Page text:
Its choice of books and music and emphasis on them said much about its old aspirations: a lifestyle company, yes, but one with a worldview and a message: fixing the world, fixing your life, soothing your soul.
But that’s not what Starbucks is to me: It’s my third place, an office, my place for meetings, writing, reading … and drinking a simple cup of coffee, nothing in it and no room for anything, thank you. I’m busy when I’m there. I want it to be pleasant but practical.
Starbucks wanted to be — or was — Barack Obama. I want it to be Hillary Clinton. (And given my preference in candidates — take that as a disclosure — you shouldn’t see this as an insult.)
So what sort of books should Starbucks sell, if it sells any? It occurs to me that it should sell business books, at least in some locations, if so many of us look at it as an extension of our business lives. (Of course, I’ll have one humble suggestion come spring; take that as another disclosure.)
What sort of music should it sell — and, for that matter, play — if any? It’s not easy for Starbucks, as customers see different places in the same location. Look at the discussion about music at MyStarbucksIdea.com: Some want to turn it down so they can make a phone call or talk or read; others want the music to be more democratic for customers or employees; some wonder what the hell music has to do with coffee. It’s as fractured as the Democratic Party.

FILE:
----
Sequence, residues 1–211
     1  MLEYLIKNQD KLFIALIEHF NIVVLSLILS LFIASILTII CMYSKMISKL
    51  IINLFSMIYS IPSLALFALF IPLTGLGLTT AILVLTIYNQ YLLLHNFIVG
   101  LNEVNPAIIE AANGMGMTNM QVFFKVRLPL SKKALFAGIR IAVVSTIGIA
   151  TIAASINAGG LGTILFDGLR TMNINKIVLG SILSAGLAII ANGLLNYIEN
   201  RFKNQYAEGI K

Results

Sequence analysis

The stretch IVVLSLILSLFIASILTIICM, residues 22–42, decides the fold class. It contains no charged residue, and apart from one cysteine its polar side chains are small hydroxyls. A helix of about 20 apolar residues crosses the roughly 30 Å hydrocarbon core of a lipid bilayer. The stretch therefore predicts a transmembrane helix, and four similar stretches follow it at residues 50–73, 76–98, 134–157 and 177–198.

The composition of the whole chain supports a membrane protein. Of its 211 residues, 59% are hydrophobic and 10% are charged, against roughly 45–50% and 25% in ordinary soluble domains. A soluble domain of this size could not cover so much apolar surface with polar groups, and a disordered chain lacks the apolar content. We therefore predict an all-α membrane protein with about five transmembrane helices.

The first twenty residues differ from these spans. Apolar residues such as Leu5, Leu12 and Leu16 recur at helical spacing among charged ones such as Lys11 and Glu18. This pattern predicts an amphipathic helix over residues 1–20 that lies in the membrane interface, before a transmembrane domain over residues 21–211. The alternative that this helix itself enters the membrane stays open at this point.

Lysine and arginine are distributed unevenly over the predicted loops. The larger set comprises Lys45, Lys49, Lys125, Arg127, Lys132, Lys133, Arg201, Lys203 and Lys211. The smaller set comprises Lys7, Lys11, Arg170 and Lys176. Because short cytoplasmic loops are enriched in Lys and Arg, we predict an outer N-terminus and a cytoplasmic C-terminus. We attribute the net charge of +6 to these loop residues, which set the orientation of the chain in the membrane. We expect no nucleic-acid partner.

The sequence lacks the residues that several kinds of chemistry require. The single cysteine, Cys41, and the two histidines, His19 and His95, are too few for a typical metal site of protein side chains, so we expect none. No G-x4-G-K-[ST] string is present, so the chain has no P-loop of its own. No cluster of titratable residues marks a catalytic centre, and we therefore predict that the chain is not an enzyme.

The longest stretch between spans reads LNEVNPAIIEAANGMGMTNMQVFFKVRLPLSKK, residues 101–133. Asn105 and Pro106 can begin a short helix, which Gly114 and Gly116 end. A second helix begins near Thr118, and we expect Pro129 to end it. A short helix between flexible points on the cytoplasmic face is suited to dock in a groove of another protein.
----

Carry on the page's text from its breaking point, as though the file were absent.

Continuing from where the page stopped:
By putting CIO/CTO Chris Bruzzo — who also headed MyStarbucksIdea — in charge of entertainment now, it seems that Starbucks realizes it’s not a publisher or producer but a distributor and promoter. That’s a very important question to answer for businesses today: deciding what you are and where you fit in, and the answers aren’t the same as they were a decade ago, pre-internet.
And regarding the internet, I’m delighted at Starbucks’ new AT&T wi-fi deal, giving customers with cards two free hours a day. That says to me it is emphasizing business use.
So I wonder what it would look like to have a business-district Starbucks that goes all the way, renting desks to us: place 2.5. I wonder how a neighborhood Starbucks could be more a part of the neighborhood, using its connectivity and localness to gather the events and restaurant recommendations of the locals. (If an airline can be a social publisher, why not Starbucks?) What if Starbucks in cool, late-night neighborhoods got liquor licenses and had wine and port tastings? Does that confuse the brand or would our ability to mold the stores and the brand give it more context? A few years ago, McDonald’s violated advertising rules when it started advertising different brand messages to different audiences: to moms, it was a fun place to take the little buggers, to late-night stoners it was the place to get your midnight munchies. But the stores themselves didn’t change.